It may also be prepared by the union of diazomethane with acetylene (H. v. Pechmann, Ber., 18 97, 3 1, p. 2 95 o), and by warming the acetal of propargyl aldehyde with an aqueous solution of hydrazine sulphate (Ber., 1903, 36, p. 3662). It crystallizes in colourless needles, is very stable and behaves as a weak base. It does not combine with the alkyl iodides. Ammoniacal silver nitrate gives a precipitate of pyrazole silver. The homologues of pyrazole may be obtained by digesting 0 diketones or 0-keto-aldehydes with phenylhydrazine; by heating the phenylhydrazones of some monoketones with acetic anhydride; by elimination of hydrogen from pyrazolines, and by distilling pyrazolones and pyrazolidones over zinc dust. They are all weak bases, which combine directly with the alkyl iodides and form double salts with mercuric and platinic chlorides. On oxidation with potassium permanganate the C-alkyl-derivatives give carboxylic acids, whilst the N-phenyl derivatives frequently split off the phenyl group (especially if it be amidated) and have it replaced by hydrogen. On reduction, the pyrazoles with a free :NH group are scarcely affected, whilst the N-phenyl derivatives give pyrazolines, or by the use of very strong reducing agents the ring is ruptured and trimethylenediamine derivatives are formed. They yield substitution derivatives with the halogens, bromine being the most effective. The chloro-derivatives are most readily prepared from the pyrazolones by the action of phosphorus oxychloride.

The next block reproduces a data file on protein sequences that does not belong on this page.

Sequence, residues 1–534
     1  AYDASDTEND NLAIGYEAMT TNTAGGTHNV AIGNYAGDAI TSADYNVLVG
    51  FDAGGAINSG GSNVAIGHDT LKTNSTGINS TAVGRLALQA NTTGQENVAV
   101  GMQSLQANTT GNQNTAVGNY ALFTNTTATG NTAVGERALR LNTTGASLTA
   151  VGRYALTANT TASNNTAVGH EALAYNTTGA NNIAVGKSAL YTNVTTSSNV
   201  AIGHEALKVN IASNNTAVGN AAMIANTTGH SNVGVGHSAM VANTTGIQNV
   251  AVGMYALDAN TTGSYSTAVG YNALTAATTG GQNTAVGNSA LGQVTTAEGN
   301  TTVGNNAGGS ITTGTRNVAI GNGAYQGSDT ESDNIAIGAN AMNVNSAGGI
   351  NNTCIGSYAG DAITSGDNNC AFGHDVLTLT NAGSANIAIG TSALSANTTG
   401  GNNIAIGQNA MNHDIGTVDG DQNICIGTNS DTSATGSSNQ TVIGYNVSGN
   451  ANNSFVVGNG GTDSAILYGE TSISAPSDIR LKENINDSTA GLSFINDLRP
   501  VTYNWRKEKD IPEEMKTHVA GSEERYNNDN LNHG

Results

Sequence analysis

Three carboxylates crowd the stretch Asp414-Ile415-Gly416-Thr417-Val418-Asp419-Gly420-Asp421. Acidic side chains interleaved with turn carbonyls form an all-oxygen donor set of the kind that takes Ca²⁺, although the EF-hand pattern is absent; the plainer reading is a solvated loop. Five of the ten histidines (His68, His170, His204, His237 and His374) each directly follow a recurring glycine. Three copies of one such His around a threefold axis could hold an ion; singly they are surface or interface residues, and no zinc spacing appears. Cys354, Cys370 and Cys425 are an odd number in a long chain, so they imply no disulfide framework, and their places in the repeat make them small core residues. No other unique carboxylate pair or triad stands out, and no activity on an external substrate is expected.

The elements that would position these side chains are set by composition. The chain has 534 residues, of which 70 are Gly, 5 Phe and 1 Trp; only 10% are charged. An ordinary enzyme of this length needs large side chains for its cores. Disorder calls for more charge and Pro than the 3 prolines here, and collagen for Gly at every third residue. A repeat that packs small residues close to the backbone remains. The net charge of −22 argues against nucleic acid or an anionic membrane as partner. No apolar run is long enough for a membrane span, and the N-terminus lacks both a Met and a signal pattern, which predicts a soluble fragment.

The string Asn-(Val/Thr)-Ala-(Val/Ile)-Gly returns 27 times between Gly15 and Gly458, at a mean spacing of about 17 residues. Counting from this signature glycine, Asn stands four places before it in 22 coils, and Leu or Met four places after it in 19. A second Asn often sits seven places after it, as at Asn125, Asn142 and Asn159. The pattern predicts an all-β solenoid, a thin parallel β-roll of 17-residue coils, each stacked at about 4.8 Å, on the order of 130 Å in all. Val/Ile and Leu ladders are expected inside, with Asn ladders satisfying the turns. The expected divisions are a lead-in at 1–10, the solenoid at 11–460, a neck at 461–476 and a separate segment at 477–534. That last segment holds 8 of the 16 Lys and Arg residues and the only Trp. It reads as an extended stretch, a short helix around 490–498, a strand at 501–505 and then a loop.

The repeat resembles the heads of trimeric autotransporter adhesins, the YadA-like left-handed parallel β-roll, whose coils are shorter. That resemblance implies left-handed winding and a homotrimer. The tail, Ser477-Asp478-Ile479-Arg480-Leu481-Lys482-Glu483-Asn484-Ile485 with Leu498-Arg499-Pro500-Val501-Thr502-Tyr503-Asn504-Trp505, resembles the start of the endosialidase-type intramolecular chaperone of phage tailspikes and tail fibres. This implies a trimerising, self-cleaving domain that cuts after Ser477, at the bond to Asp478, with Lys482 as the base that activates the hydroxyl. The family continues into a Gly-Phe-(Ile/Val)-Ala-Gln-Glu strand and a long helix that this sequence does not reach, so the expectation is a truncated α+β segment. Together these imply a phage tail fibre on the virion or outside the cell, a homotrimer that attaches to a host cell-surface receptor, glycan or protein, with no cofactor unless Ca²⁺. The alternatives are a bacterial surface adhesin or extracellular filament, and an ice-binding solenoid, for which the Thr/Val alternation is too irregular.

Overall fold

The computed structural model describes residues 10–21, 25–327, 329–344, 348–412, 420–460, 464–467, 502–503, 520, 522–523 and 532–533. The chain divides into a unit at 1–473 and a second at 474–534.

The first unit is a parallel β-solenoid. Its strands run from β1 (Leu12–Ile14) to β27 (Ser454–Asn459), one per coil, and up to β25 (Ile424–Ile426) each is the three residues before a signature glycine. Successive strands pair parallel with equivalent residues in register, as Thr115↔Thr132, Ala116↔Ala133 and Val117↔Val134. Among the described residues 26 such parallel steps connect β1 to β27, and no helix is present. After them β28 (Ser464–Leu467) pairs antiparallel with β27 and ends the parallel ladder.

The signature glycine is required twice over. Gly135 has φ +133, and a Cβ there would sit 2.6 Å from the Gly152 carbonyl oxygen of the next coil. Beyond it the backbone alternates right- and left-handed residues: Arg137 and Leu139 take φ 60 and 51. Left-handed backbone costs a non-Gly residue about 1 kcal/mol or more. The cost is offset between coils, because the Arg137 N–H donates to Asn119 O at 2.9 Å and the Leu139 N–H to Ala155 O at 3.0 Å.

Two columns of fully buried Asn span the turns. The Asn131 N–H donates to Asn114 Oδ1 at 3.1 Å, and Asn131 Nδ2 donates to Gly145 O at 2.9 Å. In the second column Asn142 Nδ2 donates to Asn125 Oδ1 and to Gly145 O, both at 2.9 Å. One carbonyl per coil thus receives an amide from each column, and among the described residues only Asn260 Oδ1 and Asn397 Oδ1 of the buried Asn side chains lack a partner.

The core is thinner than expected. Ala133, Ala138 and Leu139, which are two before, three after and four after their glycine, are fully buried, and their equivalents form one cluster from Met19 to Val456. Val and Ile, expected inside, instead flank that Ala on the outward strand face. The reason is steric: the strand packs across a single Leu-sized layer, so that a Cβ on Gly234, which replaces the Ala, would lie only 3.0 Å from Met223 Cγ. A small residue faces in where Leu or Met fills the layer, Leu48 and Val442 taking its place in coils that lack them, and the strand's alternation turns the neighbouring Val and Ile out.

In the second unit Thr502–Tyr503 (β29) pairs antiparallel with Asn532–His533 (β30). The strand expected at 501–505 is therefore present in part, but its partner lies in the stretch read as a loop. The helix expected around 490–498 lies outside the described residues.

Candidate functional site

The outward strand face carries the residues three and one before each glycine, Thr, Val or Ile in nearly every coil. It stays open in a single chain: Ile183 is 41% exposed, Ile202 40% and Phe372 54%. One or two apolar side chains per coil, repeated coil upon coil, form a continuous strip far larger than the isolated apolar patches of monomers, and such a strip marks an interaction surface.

The pyrazole carboxylic acids may also be obtained by condensing 13-diketone or oxymethylene ketone carboxylic esters with hydrazines, or the diazo fatty esters with acetylene dicarboxylic esters: N 2 CH CO 2 R C2(C02R)2 = C3HN2(C02R)3{3.4. 51; by heating s-diketones and diazo-acetic ester with sodium hydroxide (A. Klages, Ber., 1903, 36, p. 1128), and from the diazo-anhydrides of (-diketones or 13-ketonic acids. These acids all split CO 2 readily when heated, most easily from the carboxyl group in position 3, and with most difficulty from the group in position 4.

The dihydropyrazoles or pyrazolines are less stable than the pyrazoles and are more like unsaturated compounds. They may be obtained by the reduction of pyrazoles (especially N-phenyl derivatives) with sodium in alcoholic solution; by condensing diazo-acetic ester or diazomethane with ethylenic compounds (fumaric ester, &c.) (E. Buchner, Ber., 1890, 23, p. 703; Ann., 1895, 284, p. 212; H. v. Pechmann, Ber., 1894, 27, p. 1891), and by rearrangement of the hydrazones of a-olefine aldehydes or ketones on warming or on distillation. They are weak bases which are only soluble in concentrated acids. On reduction they yield pyrazolidines, or the ring is broken; and when oxidized they form blue or red colouring matters. The carboxylic acids show a remarkable behaviour on heating, the nitrogen is entirely eliminated, and trimethylene carboxylic acids are obtained (see P01.Ymethylenes). Pyrazoline is' a colourless liquid which boils at 144° C. It may be prepared by the action of diazomethane on ethylene (E. Azzarello, Gazz., 1906, 36, (i.), p. 628).